Despite a recent—albeit fleeting—improvement in the chronic congestion plaguing the ports of Los Angeles/Long Beach for weeks, the number of vessels anchored or drifting in the San Pedro Bay Port Complex waiting to berth continues to stay at or near record highs.
On Wednesday (Feb 17), the Marine Exchange of Southern California reported a total 113 vessels in-port, tying the all-time record. Of that total, 59 vessels were at anchor and 54 were at berth. This includes all vessels types: tankers, cruise ships and container ships.
As of Thursday afternoon, a total 108 vessels were in-port, with 52 at anchor and 56 at berth.
Container vessels comprised 59 of the total number of vessels in-port, with 32 at anchor and 27 at berth.
Typically, there are “zero to one” vessels at anchor, said Captain Kip Louttit, executive director of the Marine Exchange of Southern California, which illustrates just how extreme the congestion is at the ports of LA/LB.
During a call with Captain Louttit on Thursday morning, he said it’s “steady as she goes” with regards to congestion—in other words, not much is changing right now.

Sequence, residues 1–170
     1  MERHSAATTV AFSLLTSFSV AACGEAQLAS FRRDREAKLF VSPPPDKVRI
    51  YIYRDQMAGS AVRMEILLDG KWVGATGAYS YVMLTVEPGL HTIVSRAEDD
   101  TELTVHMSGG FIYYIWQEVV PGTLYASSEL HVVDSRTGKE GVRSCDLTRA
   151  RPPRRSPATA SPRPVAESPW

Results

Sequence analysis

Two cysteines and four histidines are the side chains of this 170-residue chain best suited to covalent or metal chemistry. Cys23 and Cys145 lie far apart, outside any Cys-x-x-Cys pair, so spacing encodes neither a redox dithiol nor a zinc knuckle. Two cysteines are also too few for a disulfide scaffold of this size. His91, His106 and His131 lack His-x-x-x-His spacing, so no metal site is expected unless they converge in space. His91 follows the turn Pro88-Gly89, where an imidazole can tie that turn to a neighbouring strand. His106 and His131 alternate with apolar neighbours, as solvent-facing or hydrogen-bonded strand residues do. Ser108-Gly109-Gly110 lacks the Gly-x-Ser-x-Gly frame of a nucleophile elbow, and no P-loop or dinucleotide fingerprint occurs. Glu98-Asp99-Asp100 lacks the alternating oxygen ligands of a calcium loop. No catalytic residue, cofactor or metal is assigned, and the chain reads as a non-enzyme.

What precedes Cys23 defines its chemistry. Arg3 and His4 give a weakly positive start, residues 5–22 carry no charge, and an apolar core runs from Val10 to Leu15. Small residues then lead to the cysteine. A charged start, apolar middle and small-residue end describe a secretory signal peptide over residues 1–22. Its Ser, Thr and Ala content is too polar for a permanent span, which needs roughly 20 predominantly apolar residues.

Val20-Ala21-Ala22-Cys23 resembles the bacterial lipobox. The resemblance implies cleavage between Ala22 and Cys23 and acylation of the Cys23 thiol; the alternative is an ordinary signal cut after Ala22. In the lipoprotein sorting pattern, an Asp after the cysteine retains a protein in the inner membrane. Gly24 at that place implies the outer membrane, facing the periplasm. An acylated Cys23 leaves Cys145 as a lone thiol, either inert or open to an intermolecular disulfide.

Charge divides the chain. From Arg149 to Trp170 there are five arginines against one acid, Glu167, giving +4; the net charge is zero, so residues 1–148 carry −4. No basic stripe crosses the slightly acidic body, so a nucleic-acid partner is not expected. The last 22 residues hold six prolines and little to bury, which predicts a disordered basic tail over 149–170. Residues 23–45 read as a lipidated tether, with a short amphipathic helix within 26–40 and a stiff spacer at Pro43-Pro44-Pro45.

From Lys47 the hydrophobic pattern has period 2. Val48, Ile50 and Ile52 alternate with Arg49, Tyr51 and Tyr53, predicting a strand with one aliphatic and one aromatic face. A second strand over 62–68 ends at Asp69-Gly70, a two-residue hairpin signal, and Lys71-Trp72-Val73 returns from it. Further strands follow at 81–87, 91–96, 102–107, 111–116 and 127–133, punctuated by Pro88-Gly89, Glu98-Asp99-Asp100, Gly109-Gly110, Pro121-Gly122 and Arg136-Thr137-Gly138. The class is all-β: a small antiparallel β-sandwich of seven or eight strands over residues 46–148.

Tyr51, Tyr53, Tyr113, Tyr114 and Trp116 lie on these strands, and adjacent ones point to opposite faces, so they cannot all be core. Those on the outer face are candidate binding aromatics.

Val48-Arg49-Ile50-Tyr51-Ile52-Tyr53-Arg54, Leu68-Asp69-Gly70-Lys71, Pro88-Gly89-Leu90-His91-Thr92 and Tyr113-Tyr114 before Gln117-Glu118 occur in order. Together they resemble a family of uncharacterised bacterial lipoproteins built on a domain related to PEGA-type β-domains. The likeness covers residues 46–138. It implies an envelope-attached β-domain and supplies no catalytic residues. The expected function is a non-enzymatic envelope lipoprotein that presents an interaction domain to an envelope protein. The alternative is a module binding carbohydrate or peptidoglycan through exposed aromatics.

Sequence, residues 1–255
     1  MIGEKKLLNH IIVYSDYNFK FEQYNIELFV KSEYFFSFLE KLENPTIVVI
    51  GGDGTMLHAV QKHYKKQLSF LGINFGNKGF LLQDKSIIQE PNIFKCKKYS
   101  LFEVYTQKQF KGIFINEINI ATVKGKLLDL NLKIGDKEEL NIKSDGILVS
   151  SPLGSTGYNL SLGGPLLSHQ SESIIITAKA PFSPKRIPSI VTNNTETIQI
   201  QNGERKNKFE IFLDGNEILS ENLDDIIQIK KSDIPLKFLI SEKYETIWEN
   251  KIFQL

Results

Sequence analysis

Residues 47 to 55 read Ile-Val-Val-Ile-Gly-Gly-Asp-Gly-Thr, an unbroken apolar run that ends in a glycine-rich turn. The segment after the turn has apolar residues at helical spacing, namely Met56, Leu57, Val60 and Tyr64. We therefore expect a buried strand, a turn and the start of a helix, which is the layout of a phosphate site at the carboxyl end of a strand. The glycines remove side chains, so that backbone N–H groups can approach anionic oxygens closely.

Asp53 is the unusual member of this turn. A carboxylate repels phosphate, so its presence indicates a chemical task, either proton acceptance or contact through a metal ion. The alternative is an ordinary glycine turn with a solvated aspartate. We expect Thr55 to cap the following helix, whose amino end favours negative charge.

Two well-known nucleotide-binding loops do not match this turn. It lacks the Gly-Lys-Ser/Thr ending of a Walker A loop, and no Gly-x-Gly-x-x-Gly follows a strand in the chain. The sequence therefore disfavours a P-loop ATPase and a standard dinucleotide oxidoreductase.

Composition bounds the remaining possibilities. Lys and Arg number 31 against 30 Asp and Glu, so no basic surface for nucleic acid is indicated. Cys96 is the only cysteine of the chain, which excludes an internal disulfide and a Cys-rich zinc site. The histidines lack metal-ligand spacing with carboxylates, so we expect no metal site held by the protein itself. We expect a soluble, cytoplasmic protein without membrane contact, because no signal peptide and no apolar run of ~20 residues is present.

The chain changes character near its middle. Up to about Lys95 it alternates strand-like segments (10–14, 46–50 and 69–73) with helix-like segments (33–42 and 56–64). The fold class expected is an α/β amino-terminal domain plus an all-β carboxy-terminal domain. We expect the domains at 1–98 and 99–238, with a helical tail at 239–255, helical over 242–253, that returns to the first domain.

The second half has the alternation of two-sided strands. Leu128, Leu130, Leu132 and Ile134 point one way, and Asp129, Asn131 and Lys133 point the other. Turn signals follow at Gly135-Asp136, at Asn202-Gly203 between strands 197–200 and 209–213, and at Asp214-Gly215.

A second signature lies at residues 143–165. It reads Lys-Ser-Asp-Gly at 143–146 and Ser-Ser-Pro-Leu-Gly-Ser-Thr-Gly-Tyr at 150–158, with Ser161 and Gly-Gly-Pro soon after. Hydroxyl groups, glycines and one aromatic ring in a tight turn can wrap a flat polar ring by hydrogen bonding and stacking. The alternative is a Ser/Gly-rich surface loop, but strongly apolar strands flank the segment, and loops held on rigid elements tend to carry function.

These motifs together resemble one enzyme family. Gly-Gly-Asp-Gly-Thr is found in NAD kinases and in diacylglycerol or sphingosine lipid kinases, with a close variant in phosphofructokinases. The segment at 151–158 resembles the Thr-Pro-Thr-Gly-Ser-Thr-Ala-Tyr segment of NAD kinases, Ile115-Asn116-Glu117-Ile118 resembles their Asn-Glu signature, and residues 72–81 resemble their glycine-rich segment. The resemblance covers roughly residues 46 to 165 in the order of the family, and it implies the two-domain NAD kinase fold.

Over the next three days, 22 vessels are scheduled to arrive and anchor, while 29 vessels are scheduled to shift from anchor to berth, which “should reduce pressure on the anchorages,” according to the Marine Exchange of Southern California’s daily report.
Captain Louttit explained that the terminals are working the vessels as quickly as they can, but they’re at the limit of what’s possible in terms of physical infrastructure and terminal handling equipment.
At the same time, the Port of L.A.’s Executive Director, Gene Seroka, said during a press conference this week that container terminals, warehouses, and truck and rail are all “stretched thin.”
Container dwell time on the terminals is about five days, or twice what it was before the import surge started last summer, said Seroka, and street dwell time is currently at 7.6 days for a standard 40-foot container.
Meanwhile, some container lines are diverting vessels northward to Oakland or other U.S. West Coast ports to at least keep cargo moving.
Waiting…and waiting: One container ship (whose name shall remain anonymous) has been at anchor in the San Pedro Bay since its arrival on February 9. Ouch.